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Dense Subset Sum May Be the Hardest

Authors Per Austrin, Petteri Kaski, Mikko Koivisto, Jesper Nederlof

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Per Austrin
Petteri Kaski
Mikko Koivisto
Jesper Nederlof

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Per Austrin, Petteri Kaski, Mikko Koivisto, and Jesper Nederlof. Dense Subset Sum May Be the Hardest. In 33rd Symposium on Theoretical Aspects of Computer Science (STACS 2016). Leibniz International Proceedings in Informatics (LIPIcs), Volume 47, pp. 13:1-13:14, Schloss Dagstuhl - Leibniz-Zentrum für Informatik (2016)


The SUBSET SUM problem asks whether a given set of n positive integers contains a subset of elements that sum up to a given target t. It is an outstanding open question whether the O^*(2^{n/2})-time algorithm for SUBSET SUM by Horowitz and Sahni [J. ACM 1974] can be beaten in the worst-case setting by a "truly faster", O^*(2^{(0.5-delta)*n})-time algorithm, with some constant delta > 0. Continuing an earlier work [STACS 2015], we study SUBSET SUM parameterized by the maximum bin size beta, defined as the largest number of subsets of the n input integers that yield the same sum. For every epsilon > 0 we give a truly faster algorithm for instances with beta <= 2^{(0.5-epsilon)*n}, as well as instances with beta >= 2^{0.661n}. Consequently, we also obtain a characterization in terms of the popular density parameter n/log_2(t): if all instances of density at least 1.003 admit a truly faster algorithm, then so does every instance. This goes against the current intuition that instances of density 1 are the hardest, and therefore is a step toward answering the open question in the affirmative. Our results stem from a novel combinatorial analysis of mixings of earlier algorithms for SUBSET SUM and a study of an extremal question in additive combinatorics connected to the problem of Uniquely Decodable Code Pairs in information theory.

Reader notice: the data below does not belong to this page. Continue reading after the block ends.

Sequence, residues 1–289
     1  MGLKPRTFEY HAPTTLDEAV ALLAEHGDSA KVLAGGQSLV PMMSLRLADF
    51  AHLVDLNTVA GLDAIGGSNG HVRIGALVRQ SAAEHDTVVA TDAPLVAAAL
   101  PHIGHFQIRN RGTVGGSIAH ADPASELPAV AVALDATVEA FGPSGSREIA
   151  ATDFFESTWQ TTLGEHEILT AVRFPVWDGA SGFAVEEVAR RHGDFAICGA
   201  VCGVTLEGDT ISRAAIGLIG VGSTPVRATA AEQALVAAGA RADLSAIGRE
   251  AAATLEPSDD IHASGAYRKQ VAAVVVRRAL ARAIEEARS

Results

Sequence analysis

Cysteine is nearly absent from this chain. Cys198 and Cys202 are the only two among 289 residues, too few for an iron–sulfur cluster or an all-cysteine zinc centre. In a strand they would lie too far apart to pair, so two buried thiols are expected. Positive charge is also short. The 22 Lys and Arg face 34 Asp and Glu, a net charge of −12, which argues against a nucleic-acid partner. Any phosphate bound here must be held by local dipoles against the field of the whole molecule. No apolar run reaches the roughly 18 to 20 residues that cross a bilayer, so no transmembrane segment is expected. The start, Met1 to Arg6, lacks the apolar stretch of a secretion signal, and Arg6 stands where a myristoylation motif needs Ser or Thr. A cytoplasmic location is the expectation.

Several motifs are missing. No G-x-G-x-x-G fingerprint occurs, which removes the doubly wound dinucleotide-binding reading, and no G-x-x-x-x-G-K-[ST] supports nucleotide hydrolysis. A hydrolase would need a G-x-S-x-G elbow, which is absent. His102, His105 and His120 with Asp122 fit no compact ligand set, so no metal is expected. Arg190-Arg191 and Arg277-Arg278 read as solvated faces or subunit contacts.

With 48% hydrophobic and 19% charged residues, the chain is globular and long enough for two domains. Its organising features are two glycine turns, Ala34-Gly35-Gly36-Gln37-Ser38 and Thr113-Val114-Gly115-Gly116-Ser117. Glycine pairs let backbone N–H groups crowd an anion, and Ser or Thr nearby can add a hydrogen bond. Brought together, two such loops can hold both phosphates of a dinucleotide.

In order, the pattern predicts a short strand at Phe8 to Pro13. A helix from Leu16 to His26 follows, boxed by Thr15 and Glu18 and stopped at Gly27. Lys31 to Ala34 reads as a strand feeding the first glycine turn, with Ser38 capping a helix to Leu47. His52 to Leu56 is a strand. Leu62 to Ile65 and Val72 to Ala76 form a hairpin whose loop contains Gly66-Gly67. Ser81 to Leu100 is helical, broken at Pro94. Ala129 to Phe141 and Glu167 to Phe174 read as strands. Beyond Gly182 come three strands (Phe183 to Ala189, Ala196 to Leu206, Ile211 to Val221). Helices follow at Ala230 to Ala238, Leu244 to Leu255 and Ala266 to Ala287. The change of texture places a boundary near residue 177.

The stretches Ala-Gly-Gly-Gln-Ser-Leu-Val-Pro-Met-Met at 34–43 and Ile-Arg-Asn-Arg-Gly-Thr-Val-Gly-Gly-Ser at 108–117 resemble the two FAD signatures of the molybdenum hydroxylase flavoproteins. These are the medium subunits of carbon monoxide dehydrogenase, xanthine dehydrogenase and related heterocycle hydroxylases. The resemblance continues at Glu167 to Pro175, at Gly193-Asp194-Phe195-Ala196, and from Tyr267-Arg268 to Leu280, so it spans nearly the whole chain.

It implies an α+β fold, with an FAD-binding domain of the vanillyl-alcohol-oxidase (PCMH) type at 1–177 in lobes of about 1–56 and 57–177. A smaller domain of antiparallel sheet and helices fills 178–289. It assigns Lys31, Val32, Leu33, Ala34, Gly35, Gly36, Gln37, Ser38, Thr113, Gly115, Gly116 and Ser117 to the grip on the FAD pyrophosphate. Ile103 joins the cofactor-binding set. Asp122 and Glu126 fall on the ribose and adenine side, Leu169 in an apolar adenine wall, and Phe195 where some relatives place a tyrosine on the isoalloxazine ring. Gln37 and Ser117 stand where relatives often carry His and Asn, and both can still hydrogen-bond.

• subset sum
  • additive combinatorics
  • exponential-time algorithm
  • homo-morphic hashing
  • littlewood–offord problem


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